Democrat Warren to mark anniversary of her presidential campaign with New Year's Eve speech

BOSTON, Dec 31 (Reuters) - Democratic U.S presidential contender Elizabeth Warren will deliver a New Year’s Eve speech in her home state of Massachusetts on Tuesday to mark exactly one year since she entered the 2020 campaign.

The event will take place at the Old South Meeting House, a church in downtown Boston known as a gathering place for revolutionary colonists in the 1770s. In announcing the address earlier this month, Warren’s campaign said she would discuss “what’s possible when ordinary Americans dream beyond the corruption they see and imagine a new future together.”

Five weeks before the country’s first nominating contest in Iowa, Warren remains one of the top Democratic candidates in opinion polls but has seen her standing slip since early autumn after a months-long surge that briefly vaulted her to front-runner status.

She is in third place in national polls behind Joe Biden, the former vice president, and fellow U.S. Senator Bernie Sanders, according to the polling average at the website RealClearPolitics. There are 15 Democrats currently competing for the party’s nod to take on Republican President Donald Trump in the November 2020 election.

The stall in Warren’s momentum coincided with sustained attacks from more moderate Democratic candidates like outgoing South Bend, Indiana, Mayor Pete Buttigieg over her support for Medicare for All, the healthcare overhaul championed by Sanders that would eliminate private insurance in favor of a single government-run plan.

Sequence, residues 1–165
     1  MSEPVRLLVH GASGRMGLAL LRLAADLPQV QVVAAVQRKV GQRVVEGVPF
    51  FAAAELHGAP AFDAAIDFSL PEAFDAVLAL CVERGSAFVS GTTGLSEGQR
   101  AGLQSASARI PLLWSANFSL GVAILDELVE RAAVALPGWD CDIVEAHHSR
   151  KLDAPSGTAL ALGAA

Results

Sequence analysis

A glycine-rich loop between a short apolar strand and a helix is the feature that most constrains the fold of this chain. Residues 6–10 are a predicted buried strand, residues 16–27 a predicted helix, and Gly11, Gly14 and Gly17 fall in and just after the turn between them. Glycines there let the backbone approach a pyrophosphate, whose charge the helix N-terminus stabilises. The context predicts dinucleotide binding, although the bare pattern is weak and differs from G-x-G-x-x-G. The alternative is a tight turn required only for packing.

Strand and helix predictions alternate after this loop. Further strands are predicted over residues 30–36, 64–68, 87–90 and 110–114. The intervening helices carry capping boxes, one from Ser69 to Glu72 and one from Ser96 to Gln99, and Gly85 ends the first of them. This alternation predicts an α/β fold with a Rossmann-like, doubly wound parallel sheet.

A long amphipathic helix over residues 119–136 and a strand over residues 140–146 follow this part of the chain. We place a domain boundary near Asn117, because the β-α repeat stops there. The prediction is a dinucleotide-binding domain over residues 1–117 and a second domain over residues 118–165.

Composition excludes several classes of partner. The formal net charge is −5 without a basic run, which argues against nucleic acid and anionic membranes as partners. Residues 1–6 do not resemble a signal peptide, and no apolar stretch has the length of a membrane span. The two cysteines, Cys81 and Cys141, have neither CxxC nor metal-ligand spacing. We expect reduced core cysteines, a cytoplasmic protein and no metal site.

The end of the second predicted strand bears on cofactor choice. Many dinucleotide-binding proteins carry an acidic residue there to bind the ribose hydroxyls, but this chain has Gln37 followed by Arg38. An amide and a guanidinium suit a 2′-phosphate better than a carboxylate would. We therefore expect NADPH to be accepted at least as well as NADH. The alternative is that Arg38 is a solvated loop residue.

In response, the U.S. senator from Massachusetts has revised her rhetoric on healthcare, emphasizing her intention to phase in Medicare for All over several years to preserve “choice” for Americans.

Warren has also sought to return to the economic populism that has animated her campaign since she launched her bid a year ago. Sounding what would become a campaign refrain, Warren told reporters that day: “Right now Washington works great for the wealthy and the well connected. It’s just not working for anyone else.”

Warren’s polling dip has been accompanied by a slowdown in her fundraising pace. In an email to supporters, the campaign said last week it had raised just over $17 million in the fourth quarter with a few days to go.

That total was significantly less than the $24.6 million Warren raised in the previous quarter, when she trailed only Sanders. Like Sanders, Warren has sworn off high-dollar fundraisers, relying on grassroots donations and accusing rivals of kowtowing to the wealthy. (Reporting by Joseph Ax and Amanda Becker; Editing by Peter Cooney)